Subaeria – Review

About Subaeria
Combining platform and clever puzzle gameplay mechanics with roguelike elements, Subaeria’s single player campaign challenges their skills to control the movements of their adversary robots with the help of their drone and abilities. Each level is procedurally generated and gradually increases the puzzle solving difficulty, enabling power-ups and demanding strategic thinking in order to manipulate the surroundings and character’s skills.

Subaeria features include:

    • Pit your enemies against one another and the environment to defeat them.
    • Use skills equipped to your drone to influence your robot enemies and Styx.
    • Every room is a puzzle to be solved with the skills you have on hand.
    • Unlock different skills, buffs and skins at each play through.
    • Explore a new labyrinth at every play session.
  • Review
    Subaeria is a roguelike puzzle oriented adventure game with a crisp visual style and procedurally generated levels that is both fun and frustrating to play. The fun comes in working out how to advance through each room, you play as a female character called Styx who has a penchant for hacking into expods which are a virtual reality device that the residents of Subaeria use for fun. The punishment for crimes in Subaeria is quite strict, in fact it can’t get much stricter as it’s death. The intro is played out via comic strip style scenes and shows Styx being the typically cocky youngster thinking she is untouchable and clever for hacking the expods, however she is caught and as a result both herself and her family are sentenced to be ‘cleansed’. Cleansing does not involve a communal bath however, cleansing in this case is death by murderous robots. Styx runs and avoids the robots but on her return home she discovers that her entire family has been wiped out and so begins her mission to seek revenge on the ruler of Subaeria who is President Dorf.

    Subaeria is played from a sort of top down viewpoint with 3D surroundings which can at times be difficult to negotiate. The levels are split up into different rooms which are either ‘safe rooms’ full of NPCs that have useful information or rooms full of cleaners (death robots). To aid in her quest for justice, Styx has a drone which can be loaded with various apps (50 in total) that will help her defeat the robots and clear the rooms.You can have 2 apps loaded into the drone at any one time and they have a limited use and can also be boosted by using Creds (in game currency). The apps have varying uses which you learn about at the push of a button before equipping them.Ways to kill the robots include turning them against each other as there are different coloured ones and blue do NOT like yellow and vice versa. So if they are in each others line of sight then they will obliterate each other, or you can tempt a blue robot into a yellow laser and gain the same deadly effect.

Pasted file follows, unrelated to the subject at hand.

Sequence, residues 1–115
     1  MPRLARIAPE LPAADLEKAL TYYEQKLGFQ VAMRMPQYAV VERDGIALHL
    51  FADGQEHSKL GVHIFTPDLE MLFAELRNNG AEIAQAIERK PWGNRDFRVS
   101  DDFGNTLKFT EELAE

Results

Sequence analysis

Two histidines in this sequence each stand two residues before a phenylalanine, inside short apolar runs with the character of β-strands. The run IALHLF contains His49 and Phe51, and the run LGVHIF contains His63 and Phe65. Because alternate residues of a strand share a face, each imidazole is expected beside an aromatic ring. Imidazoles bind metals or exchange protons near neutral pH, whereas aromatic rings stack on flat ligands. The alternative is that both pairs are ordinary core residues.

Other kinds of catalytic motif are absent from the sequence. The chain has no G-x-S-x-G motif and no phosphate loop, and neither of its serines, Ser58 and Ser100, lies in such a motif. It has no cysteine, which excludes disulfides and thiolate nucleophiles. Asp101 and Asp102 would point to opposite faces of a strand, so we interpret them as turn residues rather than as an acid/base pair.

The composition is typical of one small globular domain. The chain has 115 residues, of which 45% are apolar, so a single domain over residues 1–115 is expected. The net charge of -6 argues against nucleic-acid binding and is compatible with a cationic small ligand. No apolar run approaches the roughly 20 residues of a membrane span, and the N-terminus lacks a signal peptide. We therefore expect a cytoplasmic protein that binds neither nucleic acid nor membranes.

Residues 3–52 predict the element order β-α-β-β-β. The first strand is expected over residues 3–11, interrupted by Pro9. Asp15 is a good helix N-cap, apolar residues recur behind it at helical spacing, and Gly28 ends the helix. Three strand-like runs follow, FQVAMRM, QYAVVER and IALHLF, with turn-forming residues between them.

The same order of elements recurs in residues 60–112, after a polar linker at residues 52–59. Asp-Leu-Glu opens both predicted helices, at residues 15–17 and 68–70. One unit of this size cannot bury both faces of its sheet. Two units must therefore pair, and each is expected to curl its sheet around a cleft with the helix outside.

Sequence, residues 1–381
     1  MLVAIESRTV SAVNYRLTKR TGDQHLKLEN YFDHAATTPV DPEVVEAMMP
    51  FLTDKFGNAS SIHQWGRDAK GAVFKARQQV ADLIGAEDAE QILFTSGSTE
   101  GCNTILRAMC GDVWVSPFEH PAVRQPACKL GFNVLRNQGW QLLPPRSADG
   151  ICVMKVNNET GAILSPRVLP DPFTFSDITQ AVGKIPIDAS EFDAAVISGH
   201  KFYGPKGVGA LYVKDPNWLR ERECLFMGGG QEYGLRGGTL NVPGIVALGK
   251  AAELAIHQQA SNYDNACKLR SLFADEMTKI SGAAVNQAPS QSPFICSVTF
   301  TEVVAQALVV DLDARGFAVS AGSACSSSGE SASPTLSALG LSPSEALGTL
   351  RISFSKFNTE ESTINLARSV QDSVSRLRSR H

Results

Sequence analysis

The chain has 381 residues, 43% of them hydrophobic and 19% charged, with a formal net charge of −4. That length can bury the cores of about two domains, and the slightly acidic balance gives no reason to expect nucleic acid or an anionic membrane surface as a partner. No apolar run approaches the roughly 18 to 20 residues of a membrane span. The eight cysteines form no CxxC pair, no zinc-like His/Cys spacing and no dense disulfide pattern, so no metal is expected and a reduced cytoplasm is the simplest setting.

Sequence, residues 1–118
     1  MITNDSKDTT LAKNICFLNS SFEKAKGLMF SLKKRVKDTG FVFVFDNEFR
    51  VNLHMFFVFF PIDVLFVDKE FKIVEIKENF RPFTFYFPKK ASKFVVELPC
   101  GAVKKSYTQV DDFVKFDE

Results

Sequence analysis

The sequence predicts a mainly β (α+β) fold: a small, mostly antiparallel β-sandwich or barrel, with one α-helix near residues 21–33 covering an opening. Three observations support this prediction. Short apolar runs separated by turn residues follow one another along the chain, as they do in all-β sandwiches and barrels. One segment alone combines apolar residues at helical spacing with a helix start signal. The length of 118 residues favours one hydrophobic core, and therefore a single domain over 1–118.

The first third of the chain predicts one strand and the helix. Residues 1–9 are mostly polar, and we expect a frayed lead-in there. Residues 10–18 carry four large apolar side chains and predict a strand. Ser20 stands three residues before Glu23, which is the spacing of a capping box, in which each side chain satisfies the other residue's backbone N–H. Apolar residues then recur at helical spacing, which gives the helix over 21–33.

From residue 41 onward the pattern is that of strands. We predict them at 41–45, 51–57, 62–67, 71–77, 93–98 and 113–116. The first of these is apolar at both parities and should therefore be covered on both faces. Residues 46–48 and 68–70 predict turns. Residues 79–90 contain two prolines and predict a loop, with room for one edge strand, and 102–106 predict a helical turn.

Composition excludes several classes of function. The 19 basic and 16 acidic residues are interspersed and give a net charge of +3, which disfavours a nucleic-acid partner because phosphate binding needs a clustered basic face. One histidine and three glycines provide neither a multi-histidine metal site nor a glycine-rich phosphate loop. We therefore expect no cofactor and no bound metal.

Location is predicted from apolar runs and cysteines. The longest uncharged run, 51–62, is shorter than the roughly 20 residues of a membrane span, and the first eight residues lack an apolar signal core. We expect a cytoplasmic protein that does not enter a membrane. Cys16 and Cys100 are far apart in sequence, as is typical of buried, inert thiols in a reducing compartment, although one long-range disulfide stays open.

The procedurally generated aspect of the game means that no two playthroughs are the same, the apps that show up in one playthrough may change each time and this does add to the replayability factor. There is no tutorial as such, you learn about the different aspects of the game either through the loading screens or from the NPC conversations that take place. When you die (and you will) it’s back to the beginning, this for me is frustrating as I’m a huge fan of checkpoints. I like to play games that don’t punish you for dying by wiping out all the progress that you have made, some may like this way of playing but I’m not one of them.

    There are 10 different endings to strive for which again adds replayability to the title and I did have fun working out ways to eliminate the murderous robots. It’s not without it’s faults but I can recommend Subaeria as it’s fun to play and looks stunning.

    In summary, Subaeria is a visually crisp, sometimes fun and sometimes frustrating puzzle game which does have bags of replayability and is well worth a look.


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